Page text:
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Court strikes down DOMA in historic ruling

Anti-gay activist accuses Obama of ‘sabotaging’ case



Melba Abreu & Beatrice Hernandez are plaintiffs in the case Gill et al. v. Office of Personnel Management et al. (Photo courtesy GLAD)

A federal court in Massachusetts has issued two decisions finding that part of the Defense of Marriage Act is unconstitutional in response to legal challenges against the statute.

Judge Joseph Tauro of the U.S. District Court of Massachusetts ruled July 8 in the case of Gill v. U.S. Office of Personnel Management that DOMA violates the Equal Protection Clause of the U.S. Constitution.

In his decision, Tauro writes that “only sexual orientation” differentiates married couples that can receive federal benefits and those who cannot.

“As irrational prejudice plainly never constitutes a legitimate government interest, this court must hold that Section 3 of DOMA as applied to Plaintiffs violates the equal protection principles embodied in the Fifth Amendment to the United States Constitution,” he writes.

In a separate decision in the case of Commonwealth of Massachusetts v. Department of Health & Human Services, Tauro concludes that regulating marriage is a state’s right under the U.S. Constitution’s 10th Amendment. He says that DOMA violates this right for Massachusetts.

“The federal government, by enacting and enforcing DOMA, plainly encroaches upon the firmly entrenched province of the state, and, in doing so, offends the Tenth Amendment,” Tauro writes. “For that reason, the statute is invalid.”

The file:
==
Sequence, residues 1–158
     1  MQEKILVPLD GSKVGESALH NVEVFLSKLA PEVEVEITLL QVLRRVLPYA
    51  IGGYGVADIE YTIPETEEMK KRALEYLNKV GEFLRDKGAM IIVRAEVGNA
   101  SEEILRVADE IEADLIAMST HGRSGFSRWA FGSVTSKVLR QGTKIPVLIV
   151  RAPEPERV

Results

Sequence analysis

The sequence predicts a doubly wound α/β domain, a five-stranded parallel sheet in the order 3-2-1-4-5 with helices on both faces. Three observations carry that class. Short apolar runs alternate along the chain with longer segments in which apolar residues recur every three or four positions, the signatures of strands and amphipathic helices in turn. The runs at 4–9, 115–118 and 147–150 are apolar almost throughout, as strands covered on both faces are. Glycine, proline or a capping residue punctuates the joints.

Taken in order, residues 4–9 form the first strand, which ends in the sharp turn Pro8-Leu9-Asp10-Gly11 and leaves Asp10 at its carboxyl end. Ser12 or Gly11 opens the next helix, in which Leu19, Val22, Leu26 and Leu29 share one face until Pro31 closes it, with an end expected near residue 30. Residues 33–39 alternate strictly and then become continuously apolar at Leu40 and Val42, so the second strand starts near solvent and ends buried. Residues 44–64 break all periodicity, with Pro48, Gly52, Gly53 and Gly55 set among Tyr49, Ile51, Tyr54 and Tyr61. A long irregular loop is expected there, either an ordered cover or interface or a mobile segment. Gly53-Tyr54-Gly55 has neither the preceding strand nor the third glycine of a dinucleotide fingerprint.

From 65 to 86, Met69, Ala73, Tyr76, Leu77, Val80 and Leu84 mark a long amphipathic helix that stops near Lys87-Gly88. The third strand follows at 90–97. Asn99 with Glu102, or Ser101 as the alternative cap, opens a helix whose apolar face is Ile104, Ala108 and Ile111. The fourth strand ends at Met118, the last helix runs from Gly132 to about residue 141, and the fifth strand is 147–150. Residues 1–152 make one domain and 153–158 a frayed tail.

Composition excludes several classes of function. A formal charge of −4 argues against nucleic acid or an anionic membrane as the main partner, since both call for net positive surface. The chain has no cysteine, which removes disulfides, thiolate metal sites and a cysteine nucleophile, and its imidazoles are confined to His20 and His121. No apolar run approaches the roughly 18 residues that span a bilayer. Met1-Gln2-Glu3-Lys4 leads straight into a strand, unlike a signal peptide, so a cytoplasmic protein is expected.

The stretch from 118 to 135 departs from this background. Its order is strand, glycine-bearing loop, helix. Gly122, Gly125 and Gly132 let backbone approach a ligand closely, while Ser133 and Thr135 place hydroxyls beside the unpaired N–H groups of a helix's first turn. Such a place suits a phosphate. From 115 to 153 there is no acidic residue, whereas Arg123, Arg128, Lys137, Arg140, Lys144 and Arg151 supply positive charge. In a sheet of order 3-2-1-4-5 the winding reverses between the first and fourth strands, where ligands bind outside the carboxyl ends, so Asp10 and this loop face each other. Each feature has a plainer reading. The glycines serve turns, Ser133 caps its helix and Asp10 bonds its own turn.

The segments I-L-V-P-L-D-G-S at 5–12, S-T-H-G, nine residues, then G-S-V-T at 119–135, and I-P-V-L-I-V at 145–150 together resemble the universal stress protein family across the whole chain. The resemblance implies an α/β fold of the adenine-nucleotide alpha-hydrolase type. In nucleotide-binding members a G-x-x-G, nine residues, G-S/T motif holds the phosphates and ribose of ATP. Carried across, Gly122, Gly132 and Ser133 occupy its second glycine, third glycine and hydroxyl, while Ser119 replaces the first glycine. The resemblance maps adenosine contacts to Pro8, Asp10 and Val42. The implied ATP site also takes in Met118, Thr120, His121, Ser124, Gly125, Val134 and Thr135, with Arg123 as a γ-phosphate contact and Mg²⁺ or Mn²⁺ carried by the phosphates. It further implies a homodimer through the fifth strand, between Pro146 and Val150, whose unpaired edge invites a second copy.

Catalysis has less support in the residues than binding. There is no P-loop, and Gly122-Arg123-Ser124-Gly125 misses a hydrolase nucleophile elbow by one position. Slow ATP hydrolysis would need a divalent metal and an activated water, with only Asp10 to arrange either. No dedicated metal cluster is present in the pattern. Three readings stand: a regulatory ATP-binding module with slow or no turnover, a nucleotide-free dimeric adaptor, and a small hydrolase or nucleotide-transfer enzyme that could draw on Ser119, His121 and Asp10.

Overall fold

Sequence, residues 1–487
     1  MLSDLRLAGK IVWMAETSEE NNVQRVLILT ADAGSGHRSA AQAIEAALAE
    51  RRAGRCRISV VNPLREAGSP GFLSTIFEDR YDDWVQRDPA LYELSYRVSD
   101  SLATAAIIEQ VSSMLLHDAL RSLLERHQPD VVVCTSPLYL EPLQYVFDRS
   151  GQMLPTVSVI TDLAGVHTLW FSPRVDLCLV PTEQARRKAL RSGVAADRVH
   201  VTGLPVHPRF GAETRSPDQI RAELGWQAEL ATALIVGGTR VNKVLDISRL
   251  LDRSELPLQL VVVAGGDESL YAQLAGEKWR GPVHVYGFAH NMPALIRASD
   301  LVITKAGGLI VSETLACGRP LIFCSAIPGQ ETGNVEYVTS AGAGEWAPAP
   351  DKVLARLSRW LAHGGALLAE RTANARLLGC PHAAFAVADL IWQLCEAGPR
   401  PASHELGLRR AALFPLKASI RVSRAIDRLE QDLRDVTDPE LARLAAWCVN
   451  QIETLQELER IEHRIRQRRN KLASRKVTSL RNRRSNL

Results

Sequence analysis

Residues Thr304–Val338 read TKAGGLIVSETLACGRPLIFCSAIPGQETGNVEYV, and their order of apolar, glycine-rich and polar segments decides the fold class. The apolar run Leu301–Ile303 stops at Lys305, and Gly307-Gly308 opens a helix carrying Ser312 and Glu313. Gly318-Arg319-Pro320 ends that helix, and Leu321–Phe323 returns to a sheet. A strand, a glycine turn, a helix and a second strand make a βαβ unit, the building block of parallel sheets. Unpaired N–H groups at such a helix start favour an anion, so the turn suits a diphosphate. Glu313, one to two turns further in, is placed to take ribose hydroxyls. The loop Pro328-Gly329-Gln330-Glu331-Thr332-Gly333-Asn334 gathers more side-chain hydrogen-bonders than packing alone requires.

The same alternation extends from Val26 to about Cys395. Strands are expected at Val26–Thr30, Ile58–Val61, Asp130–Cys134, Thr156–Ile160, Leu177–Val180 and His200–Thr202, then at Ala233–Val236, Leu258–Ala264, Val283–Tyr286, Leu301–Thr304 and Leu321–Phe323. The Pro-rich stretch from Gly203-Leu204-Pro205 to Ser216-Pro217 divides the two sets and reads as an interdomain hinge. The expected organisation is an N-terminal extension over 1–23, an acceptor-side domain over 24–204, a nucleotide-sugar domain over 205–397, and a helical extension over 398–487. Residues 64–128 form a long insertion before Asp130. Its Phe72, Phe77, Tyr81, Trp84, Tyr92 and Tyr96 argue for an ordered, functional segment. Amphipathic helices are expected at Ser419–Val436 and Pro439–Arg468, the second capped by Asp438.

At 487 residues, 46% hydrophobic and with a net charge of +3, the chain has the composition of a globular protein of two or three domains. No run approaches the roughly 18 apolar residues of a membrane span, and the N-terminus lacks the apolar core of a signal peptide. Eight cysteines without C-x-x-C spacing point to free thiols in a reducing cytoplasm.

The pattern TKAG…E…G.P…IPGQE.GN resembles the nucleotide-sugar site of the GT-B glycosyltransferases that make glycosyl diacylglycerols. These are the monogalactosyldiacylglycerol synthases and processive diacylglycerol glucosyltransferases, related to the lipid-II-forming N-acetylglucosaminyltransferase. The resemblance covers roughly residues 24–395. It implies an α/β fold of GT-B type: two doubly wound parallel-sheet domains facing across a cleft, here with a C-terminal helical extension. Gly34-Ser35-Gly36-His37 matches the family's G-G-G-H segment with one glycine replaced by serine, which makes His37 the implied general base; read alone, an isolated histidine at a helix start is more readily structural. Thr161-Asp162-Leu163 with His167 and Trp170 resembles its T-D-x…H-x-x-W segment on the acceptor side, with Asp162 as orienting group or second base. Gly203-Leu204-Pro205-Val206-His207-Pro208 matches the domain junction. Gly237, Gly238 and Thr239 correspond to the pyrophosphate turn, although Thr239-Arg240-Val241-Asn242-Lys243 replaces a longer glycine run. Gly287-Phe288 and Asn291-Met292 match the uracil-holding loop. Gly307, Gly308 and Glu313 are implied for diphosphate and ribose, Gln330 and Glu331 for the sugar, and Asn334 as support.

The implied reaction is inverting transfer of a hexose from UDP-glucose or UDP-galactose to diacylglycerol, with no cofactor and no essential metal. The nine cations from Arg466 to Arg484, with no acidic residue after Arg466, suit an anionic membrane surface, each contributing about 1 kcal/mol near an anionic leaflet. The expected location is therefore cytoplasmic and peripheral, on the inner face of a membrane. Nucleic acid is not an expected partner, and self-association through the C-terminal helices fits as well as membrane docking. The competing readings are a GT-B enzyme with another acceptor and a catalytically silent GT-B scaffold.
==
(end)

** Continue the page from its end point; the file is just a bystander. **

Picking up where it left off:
In a statement, Freedom to Marry Executive Director Evan Wolfson praised the court for its decision in the Gill case.

“Today’s ruling affirms what we have long known: federal discrimination enacted under DOMA is unconstitutional,” he said. “The decision will be appealed and litigation will continue. But what we witnessed in the courtroom cannot be erased: federal marriage discrimination harms committed same-sex couples and their families for no good reason.”

Brian Brown, president of the National Organization for Marriage, which opposes marriage rights for LGBT couples, criticized the decisions and Tauro’s willingness to overturn DOMA.

“With only Obama to defend DOMA, this federal judge has taken the extraordinary step of overturning a law passed by huge bipartisan majorities and signed into law by President Clinton in 1996,” Brown said. “A single federal judge in Boston has no moral right to decide the definition of marriage for the people of the United States.”